Saturday, June 8
Happy Valley-Goose Bay, NL to Cartwright, NL
255 miles; mostly sunny; temps mid 50′s to mid 60’s
This was our longest day on the Trans-Labrador Highway at 255 miles, and since it was all gravel it took us more than 8 hours to complete.
The sign at the beginning of route 510 to Cartwright and Port Hope Simpson warns that there are no services 250 miles. We had extra gas along just in case we needed it. Parts of this road are narrower than route 500 reflecting the fact that is is an older road and built before there was thought of paving it.
We were treated to some spectacular vistas today. Much of the road had tracks where there was little loose gravel and we were able to make good time on those sections.
Other sections had quite a few loose stones which made the bike feel like it was riding on marbles. We learned to relax and let the bikes find their way which they did with amazing skill.
And then there were the sections where the grader had just been which left a layer of about 1.5 inches of loose sand and stone like this. Those were the most difficult for us to ride because the bikes would move around under us looking for a solid connection with the road. So our day was spent riding alternating sections of freshly graded road with loose sand and gravel, sections with firmer footing but still a fair number of loose rocks, and sections where there was a clean path in the tire tracks.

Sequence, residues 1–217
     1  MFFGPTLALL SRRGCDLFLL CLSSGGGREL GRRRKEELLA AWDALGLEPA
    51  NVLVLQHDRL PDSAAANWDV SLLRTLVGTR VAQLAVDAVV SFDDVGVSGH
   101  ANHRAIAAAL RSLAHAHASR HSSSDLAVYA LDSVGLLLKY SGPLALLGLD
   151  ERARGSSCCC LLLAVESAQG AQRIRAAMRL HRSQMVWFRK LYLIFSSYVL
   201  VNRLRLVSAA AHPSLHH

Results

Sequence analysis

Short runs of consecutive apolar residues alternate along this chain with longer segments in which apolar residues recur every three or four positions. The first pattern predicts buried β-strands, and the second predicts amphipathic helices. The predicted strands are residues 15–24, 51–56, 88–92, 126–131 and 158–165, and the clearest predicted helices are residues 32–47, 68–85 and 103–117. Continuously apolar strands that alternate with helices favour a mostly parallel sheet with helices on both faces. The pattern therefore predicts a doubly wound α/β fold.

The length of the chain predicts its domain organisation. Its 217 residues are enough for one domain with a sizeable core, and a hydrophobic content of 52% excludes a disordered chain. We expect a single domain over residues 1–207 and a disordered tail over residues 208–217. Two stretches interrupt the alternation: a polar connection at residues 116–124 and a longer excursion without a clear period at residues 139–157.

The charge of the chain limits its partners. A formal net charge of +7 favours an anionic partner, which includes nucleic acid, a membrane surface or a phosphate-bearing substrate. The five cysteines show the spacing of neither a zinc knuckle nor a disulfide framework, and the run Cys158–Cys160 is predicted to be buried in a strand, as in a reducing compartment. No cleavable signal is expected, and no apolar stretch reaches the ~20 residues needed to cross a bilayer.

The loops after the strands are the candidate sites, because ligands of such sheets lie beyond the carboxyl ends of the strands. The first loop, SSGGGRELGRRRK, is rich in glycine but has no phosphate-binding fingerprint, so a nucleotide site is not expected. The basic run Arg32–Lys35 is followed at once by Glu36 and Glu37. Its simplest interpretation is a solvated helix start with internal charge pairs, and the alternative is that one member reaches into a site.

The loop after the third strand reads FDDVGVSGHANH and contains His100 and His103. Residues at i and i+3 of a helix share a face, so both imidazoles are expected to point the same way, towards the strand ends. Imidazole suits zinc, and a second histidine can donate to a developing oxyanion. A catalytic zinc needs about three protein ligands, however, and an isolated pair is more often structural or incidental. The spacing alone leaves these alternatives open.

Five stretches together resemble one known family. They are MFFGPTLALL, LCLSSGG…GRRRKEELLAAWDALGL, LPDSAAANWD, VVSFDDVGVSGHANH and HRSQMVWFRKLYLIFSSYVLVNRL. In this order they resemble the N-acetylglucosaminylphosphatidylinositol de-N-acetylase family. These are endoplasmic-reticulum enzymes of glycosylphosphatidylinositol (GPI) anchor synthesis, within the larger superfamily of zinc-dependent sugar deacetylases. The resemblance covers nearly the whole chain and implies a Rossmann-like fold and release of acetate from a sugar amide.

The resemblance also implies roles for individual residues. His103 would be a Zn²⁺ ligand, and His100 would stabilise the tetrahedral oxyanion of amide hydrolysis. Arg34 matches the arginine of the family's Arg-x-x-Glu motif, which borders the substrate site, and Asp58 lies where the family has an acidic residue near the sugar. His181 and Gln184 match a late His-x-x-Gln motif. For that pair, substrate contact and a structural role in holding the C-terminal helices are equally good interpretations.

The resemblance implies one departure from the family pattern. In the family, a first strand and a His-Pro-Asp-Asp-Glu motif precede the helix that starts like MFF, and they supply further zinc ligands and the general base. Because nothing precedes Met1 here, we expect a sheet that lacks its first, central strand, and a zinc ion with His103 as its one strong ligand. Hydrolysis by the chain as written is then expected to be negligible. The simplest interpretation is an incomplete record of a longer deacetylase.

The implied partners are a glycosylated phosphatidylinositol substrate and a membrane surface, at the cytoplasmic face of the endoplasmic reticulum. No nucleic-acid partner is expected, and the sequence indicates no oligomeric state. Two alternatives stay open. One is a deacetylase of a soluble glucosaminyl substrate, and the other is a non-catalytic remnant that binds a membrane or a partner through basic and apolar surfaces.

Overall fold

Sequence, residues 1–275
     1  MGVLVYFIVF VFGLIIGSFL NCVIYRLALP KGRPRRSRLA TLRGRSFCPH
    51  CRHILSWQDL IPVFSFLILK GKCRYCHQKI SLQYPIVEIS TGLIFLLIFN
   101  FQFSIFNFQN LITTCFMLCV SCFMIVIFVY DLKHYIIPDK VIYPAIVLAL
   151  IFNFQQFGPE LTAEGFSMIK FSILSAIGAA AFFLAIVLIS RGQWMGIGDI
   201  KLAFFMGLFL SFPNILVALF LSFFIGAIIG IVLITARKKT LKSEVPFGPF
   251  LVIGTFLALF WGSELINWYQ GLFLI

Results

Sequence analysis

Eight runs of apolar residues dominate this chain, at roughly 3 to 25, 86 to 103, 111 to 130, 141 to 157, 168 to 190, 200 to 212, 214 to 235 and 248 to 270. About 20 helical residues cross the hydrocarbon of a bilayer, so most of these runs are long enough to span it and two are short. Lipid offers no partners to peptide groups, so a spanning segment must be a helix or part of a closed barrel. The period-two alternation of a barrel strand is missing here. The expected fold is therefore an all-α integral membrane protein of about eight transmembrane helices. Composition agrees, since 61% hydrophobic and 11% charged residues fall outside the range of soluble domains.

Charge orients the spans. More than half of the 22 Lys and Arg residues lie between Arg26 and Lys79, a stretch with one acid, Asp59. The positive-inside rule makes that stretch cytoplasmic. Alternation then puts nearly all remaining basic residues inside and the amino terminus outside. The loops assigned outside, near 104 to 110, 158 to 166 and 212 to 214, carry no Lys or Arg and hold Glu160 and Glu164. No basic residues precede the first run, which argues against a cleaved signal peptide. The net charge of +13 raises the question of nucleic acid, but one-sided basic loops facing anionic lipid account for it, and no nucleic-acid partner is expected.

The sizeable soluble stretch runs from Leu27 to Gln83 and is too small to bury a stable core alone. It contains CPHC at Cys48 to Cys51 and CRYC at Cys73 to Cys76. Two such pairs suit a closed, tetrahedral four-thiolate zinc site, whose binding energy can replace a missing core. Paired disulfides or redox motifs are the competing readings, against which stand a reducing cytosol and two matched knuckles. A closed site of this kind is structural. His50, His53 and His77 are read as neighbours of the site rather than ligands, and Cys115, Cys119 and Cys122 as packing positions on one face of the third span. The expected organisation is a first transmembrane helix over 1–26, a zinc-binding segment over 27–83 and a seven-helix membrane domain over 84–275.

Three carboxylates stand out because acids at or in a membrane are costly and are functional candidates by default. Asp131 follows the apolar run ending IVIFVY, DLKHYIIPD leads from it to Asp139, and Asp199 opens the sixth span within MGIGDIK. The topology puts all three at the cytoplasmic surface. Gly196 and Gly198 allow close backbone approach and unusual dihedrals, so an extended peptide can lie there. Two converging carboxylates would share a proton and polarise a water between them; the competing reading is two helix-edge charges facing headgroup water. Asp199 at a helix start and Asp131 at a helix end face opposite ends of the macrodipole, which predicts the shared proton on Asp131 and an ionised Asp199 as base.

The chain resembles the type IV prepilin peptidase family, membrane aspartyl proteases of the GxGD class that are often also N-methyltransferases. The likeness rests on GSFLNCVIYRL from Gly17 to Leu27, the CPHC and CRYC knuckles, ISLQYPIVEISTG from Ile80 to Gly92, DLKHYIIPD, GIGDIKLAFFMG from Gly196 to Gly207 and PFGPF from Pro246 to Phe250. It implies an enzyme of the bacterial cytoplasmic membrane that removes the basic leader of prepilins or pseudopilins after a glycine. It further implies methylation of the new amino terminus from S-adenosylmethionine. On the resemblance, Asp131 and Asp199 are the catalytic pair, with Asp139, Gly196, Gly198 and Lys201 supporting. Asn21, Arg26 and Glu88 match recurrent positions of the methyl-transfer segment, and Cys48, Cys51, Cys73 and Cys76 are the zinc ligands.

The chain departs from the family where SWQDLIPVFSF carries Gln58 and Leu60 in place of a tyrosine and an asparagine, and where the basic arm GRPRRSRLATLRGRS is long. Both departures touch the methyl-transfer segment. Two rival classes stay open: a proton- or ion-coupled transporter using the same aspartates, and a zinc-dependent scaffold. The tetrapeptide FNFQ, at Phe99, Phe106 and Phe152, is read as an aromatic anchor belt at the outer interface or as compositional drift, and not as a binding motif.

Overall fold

The freshly graded sections gave off the most dust when we were met or passed by other vehicles. The trucks often slowed down for us to minimize the dust. The pickups weren’t so courteous.
The sky was a spectacular azure blue with white Cumulus clouds, and the air was fresh and clean. A beautiful day for riding.
Paul snapped this one of me on one of our breaks. Riding the gravel was tiring, yet it somehow made us feel more connected with our surroundings. Early in our ride today we saw a large moose off to the side, and later a good sized black bear scampered across the road several hundred yards ahead of us. Neither wanted much to do with us.
After dinner we walked around Cartwright, a town of about 500 nestled along the shores of Sandwich Bay with easy access to the Atlantic. A ferry service connects Cartwright with native communities north and south along the Atlantic coastline. Crab fishing is the mainstay here economically.
Tomorrow will be our last day on the Trans Labrador Highway as we ride south to Red Bay, the eastern terminus.